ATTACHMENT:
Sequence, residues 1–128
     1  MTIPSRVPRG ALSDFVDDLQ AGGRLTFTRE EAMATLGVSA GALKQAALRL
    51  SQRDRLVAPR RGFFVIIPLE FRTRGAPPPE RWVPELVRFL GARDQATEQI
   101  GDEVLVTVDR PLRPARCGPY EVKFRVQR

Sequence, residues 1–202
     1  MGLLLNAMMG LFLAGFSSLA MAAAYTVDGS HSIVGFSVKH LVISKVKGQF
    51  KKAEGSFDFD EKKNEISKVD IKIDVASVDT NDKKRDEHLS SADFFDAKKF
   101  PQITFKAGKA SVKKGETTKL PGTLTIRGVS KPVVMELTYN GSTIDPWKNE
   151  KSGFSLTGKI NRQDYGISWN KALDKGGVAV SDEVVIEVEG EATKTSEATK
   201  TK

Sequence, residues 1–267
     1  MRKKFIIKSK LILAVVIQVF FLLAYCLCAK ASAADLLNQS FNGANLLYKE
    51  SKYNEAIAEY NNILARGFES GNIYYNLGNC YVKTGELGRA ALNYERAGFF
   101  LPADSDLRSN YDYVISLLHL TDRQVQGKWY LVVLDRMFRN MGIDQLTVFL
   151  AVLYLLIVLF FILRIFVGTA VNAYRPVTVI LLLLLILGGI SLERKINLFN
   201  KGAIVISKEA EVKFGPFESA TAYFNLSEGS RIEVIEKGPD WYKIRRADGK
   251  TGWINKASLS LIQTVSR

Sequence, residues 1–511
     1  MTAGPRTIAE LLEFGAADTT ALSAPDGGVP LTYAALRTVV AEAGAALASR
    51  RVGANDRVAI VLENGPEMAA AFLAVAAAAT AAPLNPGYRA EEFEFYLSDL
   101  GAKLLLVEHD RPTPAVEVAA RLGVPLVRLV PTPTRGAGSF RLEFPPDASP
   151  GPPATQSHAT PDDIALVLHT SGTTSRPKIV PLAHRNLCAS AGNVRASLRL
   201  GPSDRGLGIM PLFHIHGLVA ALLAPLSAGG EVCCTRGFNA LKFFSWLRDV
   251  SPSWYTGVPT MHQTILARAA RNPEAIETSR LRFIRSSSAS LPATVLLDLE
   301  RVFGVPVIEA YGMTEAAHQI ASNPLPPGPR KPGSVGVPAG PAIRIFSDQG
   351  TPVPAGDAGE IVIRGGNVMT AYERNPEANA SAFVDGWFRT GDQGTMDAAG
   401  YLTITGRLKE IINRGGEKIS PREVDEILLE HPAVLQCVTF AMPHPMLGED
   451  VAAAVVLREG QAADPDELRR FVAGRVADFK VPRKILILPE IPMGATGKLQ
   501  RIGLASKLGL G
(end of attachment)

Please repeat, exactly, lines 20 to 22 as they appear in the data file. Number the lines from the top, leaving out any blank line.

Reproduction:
    51  RVGANDRVAI VLENGPEMAA AFLAVAAAAT AAPLNPGYRA EEFEFYLSDL
   101  GAKLLLVEHD RPTPAVEVAA RLGVPLVRLV PTPTRGAGSF RLEFPPDASP
   151  GPPATQSHAT PDDIALVLHT SGTTSRPKIV PLAHRNLCAS AGNVRASLRL